1.1 Service Robots

Service robots are robots specialized in acting in a service delivery context. Their unique feature is that they interact with human customers socially. They can also be defined as social service robots [68], as they can create some degree of automated social presence. They make the customer feel that they are with another social entity [63]. The literature states that there are three main attributes that should be taken into consideration in a service context: representation, anthropomorphism, and task orientation [68]. The representation can be split into two different categories: virtual (e.g., Alexa by Amazon or Google assistant) or physical (e.g., Pepper or SARA Singapore's Automated Responsive Assistant), which is the case for our research. The embodiments can be anthropomorphic according to the human-like characteristics, but behavior can also contribute to the perception of anthropomorphism which can be split into two distinct categories: humanoid (e.g., NAO or Pepper manufactured by Softbank robotics) or non-humanoid (e.g., Roomba the vacuum-cleaner robot). Lastly, the task orientation can differ between basic preprogrammed tasks (e.g., Roomba the cleaning robot), more cognitive-analytical tasks (e.g., image analysis software assistant for medical diagnosis), or socio-emotional tasks (e.g., SARA Singapore’s Automated Responsive Assistant) [68]. The same authors listed different characteristics that distinguish service robots and frontline employees on a micro (service training, learning, and customer experience), meso (market level), and macro dimension (societal level).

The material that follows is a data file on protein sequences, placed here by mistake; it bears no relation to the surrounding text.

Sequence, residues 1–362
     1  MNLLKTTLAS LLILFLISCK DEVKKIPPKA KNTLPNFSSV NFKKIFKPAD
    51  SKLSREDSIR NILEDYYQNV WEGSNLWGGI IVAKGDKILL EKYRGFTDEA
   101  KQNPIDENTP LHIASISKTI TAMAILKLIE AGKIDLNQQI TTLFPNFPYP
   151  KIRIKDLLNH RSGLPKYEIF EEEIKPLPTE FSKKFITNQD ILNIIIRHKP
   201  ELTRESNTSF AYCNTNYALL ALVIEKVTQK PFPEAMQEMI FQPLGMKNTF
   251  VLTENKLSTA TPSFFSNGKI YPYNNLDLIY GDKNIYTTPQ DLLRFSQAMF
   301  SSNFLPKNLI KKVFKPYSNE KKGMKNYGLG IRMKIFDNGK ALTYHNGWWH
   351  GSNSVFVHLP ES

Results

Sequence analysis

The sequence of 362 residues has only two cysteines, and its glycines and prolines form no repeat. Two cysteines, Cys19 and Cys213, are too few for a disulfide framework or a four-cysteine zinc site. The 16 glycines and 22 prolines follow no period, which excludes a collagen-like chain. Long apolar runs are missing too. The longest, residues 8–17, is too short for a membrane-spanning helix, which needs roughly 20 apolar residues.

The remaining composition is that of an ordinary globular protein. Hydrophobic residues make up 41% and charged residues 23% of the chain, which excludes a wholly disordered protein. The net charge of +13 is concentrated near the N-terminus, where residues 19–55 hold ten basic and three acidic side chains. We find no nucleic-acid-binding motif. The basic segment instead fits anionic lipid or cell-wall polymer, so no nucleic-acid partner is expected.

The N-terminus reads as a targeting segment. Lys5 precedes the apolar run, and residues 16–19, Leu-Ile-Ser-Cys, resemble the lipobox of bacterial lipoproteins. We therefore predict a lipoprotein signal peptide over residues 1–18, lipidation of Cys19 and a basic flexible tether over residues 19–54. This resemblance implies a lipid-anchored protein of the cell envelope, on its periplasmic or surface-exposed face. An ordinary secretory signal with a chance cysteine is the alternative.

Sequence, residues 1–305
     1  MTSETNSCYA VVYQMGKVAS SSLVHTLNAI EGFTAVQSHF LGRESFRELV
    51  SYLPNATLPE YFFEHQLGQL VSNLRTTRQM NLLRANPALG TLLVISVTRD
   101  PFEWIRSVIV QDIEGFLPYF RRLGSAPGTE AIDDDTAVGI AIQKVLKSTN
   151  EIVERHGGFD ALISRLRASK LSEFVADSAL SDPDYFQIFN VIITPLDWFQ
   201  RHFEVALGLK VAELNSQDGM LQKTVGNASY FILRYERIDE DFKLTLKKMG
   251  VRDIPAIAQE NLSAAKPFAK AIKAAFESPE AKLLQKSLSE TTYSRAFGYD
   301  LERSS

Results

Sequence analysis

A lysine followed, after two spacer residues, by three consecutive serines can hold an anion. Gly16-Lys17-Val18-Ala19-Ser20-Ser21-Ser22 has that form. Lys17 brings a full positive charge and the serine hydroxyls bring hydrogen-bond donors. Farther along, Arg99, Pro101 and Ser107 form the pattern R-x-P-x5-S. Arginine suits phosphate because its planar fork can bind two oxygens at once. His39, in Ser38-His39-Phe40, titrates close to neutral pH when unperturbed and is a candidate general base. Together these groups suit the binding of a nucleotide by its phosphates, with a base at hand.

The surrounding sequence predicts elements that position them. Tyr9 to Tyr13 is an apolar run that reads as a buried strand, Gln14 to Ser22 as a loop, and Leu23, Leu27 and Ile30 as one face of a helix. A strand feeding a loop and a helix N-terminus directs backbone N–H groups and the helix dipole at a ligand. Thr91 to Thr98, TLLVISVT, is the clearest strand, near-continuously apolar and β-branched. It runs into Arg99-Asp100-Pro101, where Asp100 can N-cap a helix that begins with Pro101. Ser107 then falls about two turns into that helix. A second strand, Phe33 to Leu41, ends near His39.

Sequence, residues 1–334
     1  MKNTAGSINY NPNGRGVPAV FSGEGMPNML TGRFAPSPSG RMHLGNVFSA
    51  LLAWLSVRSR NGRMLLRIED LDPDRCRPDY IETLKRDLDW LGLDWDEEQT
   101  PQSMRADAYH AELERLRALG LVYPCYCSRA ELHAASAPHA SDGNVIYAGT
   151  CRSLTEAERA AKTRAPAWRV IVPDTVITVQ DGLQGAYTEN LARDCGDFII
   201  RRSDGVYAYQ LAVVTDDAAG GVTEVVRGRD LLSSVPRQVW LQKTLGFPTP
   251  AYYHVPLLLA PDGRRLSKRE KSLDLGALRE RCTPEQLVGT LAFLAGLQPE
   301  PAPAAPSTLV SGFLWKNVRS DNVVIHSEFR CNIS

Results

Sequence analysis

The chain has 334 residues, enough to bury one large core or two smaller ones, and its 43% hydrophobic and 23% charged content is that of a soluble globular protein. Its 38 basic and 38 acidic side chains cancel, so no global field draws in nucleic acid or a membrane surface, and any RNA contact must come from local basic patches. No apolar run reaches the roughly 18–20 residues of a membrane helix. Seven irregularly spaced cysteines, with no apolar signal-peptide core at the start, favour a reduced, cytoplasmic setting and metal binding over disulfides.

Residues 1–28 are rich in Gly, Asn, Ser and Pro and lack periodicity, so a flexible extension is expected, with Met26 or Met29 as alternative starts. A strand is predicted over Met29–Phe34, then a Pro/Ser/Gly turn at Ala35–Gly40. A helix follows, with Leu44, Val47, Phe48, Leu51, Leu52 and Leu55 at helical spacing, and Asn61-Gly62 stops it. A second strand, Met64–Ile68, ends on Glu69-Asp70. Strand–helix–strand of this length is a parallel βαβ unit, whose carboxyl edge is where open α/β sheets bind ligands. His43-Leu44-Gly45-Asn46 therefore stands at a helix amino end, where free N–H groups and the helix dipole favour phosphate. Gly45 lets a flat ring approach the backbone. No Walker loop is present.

1.2 Ethics and Robots

“The emergence of the robotics industry is developing in much the same way that the computer business did 30 years ago” [21]. As developed by Calo [7], robotics has a specific set of essential qualities and it generates distinct ethical and legal issues. When diving into the literature about robots, we can observe that most researchers support this statement. On the other hand, some concerns about the impact of robotics have emerged within society, as documented by numerous researchers, mainly because this technology could be unpredictable and potentially dangerous. For most technologies, the first concern is the safety of the product. Robotics is no exception to this rule. As robots are coded by human engineers and often consist of millions of lines of code, errors can occur. While these mistakes may not harm people in ‘more basic’ technological applications, they can be more problematic in the context of robotics. A great example is when, in 2010, the U.S. military lost control of a drone for more than thirty minutes. The drone violated a restricted airspace by flying towards Washington D.C. before operators managed to re-establish communication with it [6]. Another concern is hacking, meaning that ill-intentioned individuals could take control of the robot. Furthermore, it is still unclear who should be responsible in case the robot makes an error. Holding robots responsible for their actions, especially if they are social robots, could lead to a better acceptance of them. However, affective responses towards robots differ from those towards human agents, implying that the responsibility is not perceived as valuable [62]. Lin et al. [45] adds that a natural way to minimize the risks that a robot could pose would be by programming them to obey laws and codes of ethics. Nevertheless, it remains an open question as to which ethical code or punishment should apply.